Ok, I have a couple of questions on that...Originally Posted by fgw_three
1) What is the control string? Is it the string entered by the user or something else?
2) OK, so the whitespace characters (in this case the \n - I think - please tell me if I am wrong) are read by scanf()? ...And then discarded (does this mean ignored?)
Yeah, I wasn't aware of it at first because this course I am doing has been my only contact with C ever but, since hanging out here and checking various web sources, it seems to me that my teacher is actually teaching some functions that are not standard C (eg. fflush(stdin)) but he is not aware of it. I'm not sure why he doesn't realise this (the fact that he only programs under Windows may have something to do with it) or, as you say, maybe he hasn't spent much time actually coding lately because he has been teaching. Whatever the reason, it has certainly caused me problems not to mention a metric buttload of stress.Regarding your teacher, I'll offer a "Personal Opinion Fueled by Personal Bias" here...
Teachers are (for the most part in my experience) just that. They teach. In my experience, not that many of them have ever butted heads against code that needs to run on multiple platforms successfully, needing to be done on time, within budget etc etc. You learn a lot from living in that everyday programming environment, and teachers don't have that experience level.
My next class is tomorrow so I will raise it with him then. I'm not sure how he will respond but I hope he takes it constructivly and not as a critcism. In my experience, teachers don't appreciate being corrected by their students so I don't hold very high hopes for a good outcome no matter how respectfully I raise the issue.
If it turns out that he doesn't take it well, I may consider simply dropping the course and trying to study C on my own using the text books I have, web resources and advice from this forum. I hope it doesn't come to that though, there is really no substitute for the face to face tutoring you get with a proper teacher in a classroom.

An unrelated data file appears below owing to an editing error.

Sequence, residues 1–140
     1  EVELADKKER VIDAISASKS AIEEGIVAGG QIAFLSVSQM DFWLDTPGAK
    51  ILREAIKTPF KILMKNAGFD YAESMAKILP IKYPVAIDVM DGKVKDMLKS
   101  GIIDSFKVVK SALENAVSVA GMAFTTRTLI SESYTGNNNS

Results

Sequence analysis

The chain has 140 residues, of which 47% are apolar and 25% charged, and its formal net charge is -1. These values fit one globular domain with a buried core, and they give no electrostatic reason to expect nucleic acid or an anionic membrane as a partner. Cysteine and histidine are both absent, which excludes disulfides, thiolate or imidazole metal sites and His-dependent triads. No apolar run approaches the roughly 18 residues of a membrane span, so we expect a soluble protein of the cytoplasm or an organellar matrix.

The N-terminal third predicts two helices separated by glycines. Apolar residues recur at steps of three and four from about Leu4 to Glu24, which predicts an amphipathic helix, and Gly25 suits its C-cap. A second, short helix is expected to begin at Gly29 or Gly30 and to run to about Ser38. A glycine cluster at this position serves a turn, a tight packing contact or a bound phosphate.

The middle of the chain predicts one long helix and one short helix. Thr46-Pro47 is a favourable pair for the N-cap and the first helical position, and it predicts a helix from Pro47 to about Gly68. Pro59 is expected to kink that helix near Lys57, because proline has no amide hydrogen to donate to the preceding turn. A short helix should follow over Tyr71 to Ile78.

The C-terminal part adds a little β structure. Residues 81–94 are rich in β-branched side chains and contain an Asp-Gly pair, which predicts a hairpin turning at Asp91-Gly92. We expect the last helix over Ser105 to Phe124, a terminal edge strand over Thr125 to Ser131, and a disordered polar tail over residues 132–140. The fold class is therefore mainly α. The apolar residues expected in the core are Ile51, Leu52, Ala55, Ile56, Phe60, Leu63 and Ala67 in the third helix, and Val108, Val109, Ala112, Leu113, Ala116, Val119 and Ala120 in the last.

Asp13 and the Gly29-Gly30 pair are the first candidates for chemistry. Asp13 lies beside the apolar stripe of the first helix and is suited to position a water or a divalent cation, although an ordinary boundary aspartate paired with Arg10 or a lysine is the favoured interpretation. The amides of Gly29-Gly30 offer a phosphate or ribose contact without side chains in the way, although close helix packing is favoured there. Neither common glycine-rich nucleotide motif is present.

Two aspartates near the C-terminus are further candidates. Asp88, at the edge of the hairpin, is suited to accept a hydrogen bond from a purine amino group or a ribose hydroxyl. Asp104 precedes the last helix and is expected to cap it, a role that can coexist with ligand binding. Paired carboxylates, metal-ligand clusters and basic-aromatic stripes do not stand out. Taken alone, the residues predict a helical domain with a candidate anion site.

The other thing that concerns me is that a few people have implied in this thread that there are other things in his code that, while not actually wrong, are bad practice or non standard. For example...
and...Is that code from the teacher? If you're teacher is teaching you fflush(stdin), then you should have that teacher reported to the school board. It's terrible code.
I must say that this is a bit worrying. I don't know enough to know what specifically is bad or why, but I am concerned that I may be being taught bad habits. This next one is particularly worrying...Well if he comes out with "void main" and using gets() to read input, then you'll know for sure that you have a bad'un.
These 3 things are the unholy trinity of the truly clueless.
...which seems to imply that I am being taught the incorrect (or at best non-standard or outdated) methods when other, better or more appropriate methods exist. I'm not sure if he will eventually cover the better methods or not but, even if he does, I have to wonder why we are being taught things that are frowned apon.Your problem is down to your teacher teaching "works for me C" rather than standard C. fflush(stdin) does something apparently useful for most DOS programmers, but is utterly useless for anyone else - it may do something, nothing at all, or something completely hostile to your system.
This is just the first example you have to deal with, god knows how many more horrors are in store. Best find a few online sources ( say here ) where you can verify everything your teacher says with people who have a clue.
The whole flushing issue goes away if you use fgets() to read a line of input, then sscanf() (or any other string conversion function) to convert that input into a form you want.
Yes, I will certainly do that. I have already gotten more solid information from this forum in less tha a week than I have gotten from my class in a full month and I am incredibly grateful for everyone's help. I was really starting to go under in class simply because I couldn't work out why the code (which I was assured was standard and cross platform) wasn't working on my Mac but was working for everyone else on PC.Please visit here often, and ask your questions. You will usually get a good, solid answer. We were all noobs at one point or another, and I can't speak for everyone else, but I had good mentors along the way, so I feel I should return the favor.
Thank you all for being so welcoming and supportive of nOObs such as myself. It is a phenomenon that does you credit as a group and it will certainly mean that I will be sticking around to ask and perhaps, one day even answer, questions.
Thanks! I think I need all the luck I can get at this stage.Good luck!